Vol 3, Num 5 :: 2004.02.27 — 2004.03.11
This side of death, I am persuaded that the Taoist concept of Yin and Yang is accurately and powerfully descriptive of reality. Yin and Yang are the two intertwined aspects of the creative energy of the universe. Their interplay shapes reality as we experience it. The familiar Yin-Yang symbol—a circle divided in two by a curved line, one side dark, one light, each with a dot of the other’s color in it—makes clear that all paired opposites exist in relationship with each other. Thus, the female aspect is paired with the male, and each has a bit of the other within that they might understand and related to one another. So it is with light and dark, sickness and health, form and space, relaxation and tension, introvert and extrovert, child and parent, and a thousand other pairings that shape reality.
And so it is with feasting and fasting. One cannot be experienced in fullness nor understood without the other. Yet many of us try to move from feast to feast to feast, from Thanksgiving to Christmas to New Year’s to Super Bowl Sunday to Valentine’s Day, without intentional “non-feasting” in between. And so, our celebrations too often exhaust us as we try to top its predecessor without embracing is paired opposite.
Lent offers the Christian community a time of fasting, the gift that will make the Festival (a word derived from “feast”) of the Resurrection come clear, bright and glorious. Without the Yin of fasting, the Yang of feasting is diminished. Fasting is traditionally understood as the discipline of spiritual clarification, undertaken that we might behold the Divine as we are freed of that which claims us all too regularly and deeply.
The Lenten fast can take myriad forms: from certain foods certainly (soda, sugar, fast food, for example). Not a few of us would benefit spiritually from fasting from television (in truth, I’ve been wondering if the prevalence of depression in our culture is not somehow linked to watching television), or from shopping as recreation rather than necessity. We might also fast from speaking unnecessarily, to quiet ourselves and our world that we might hear more deeply. We might fast from use of the car as much as possible in order to link spirit and body once again as we walk more. The choices are many and discernment of which is most needed is done in prayer.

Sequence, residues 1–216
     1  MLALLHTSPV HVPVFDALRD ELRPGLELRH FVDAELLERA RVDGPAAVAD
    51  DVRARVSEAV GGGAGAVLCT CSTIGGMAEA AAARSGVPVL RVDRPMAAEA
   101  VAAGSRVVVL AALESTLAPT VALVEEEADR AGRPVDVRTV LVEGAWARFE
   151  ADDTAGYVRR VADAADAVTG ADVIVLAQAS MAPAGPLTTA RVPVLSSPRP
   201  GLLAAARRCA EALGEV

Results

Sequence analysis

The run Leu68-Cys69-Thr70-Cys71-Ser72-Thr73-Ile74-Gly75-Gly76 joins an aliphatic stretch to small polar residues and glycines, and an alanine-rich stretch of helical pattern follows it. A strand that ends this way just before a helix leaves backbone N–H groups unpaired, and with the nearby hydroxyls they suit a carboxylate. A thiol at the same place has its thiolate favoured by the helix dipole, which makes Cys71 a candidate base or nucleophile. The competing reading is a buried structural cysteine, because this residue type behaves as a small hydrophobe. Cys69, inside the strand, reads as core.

The Sundays of Lent are sometimes understood as “little Easters” when the fast is relaxed a bit. These lesser feast days might be the occasion for gathering with family and friends for genuine Sabbath: worship, good food, good conversation, good music, games and laughter. The yin of fasting needs the yang of feasting if life is to have the wholeness to which we are called: “You must be whole as your heavenly Father is whole” (Mt. 5.48). In truth, it is the relaxing of the fast that preserves it as a means of grace, lest it deteriorate into yet another self-justifying work.
In the early church, Lent was the season of preparation for baptism on Easter. Embracing the Yin and Yang of fasting and feasting will lead us to rise with Christ into to new life as well.
God, help us during this season of Lent to:
Fast from judging others; feast on the Christ dwelling in them.
Fast from focusing on differences; feast on the unity of all life.
Fast from apparent darkness; feast on the reality of light.
Fast from words that pollute; feast on phrases that purify.
Fast from discontent; feast on gratitude.
Fast from anger; feast on patience.
Fast from pessimism; feast on optimism.
Fast from worry; feast on trust.
Fast from complaining; feast on appreciation.
Fast from negatives; feast on affirmatives.
Fast from unrelenting pressures; feast on unceasing prayer.
Fast from hostility; feast on nonviolence.
Fast from bitterness; feast on forgiveness.
Fast from self-concern; feast on compassion for others.
Fast from personal anxiety; feast on eternal truth.
Fast from discouragement; feast on hope.
Fast from facts that depress; feast on truths that uplift.
Fast from lethargy; feast on enthusiasm.
Fast from suspicion; feast on truth.
Fast from thoughts that weaken; feast on promises that inspire.
Fast from idle gossip; feast on purposeful silence.
(“A Lenten Prayer,” from The Essential Lenten Handbook. Ligouri, MO: Ligouri Publications.)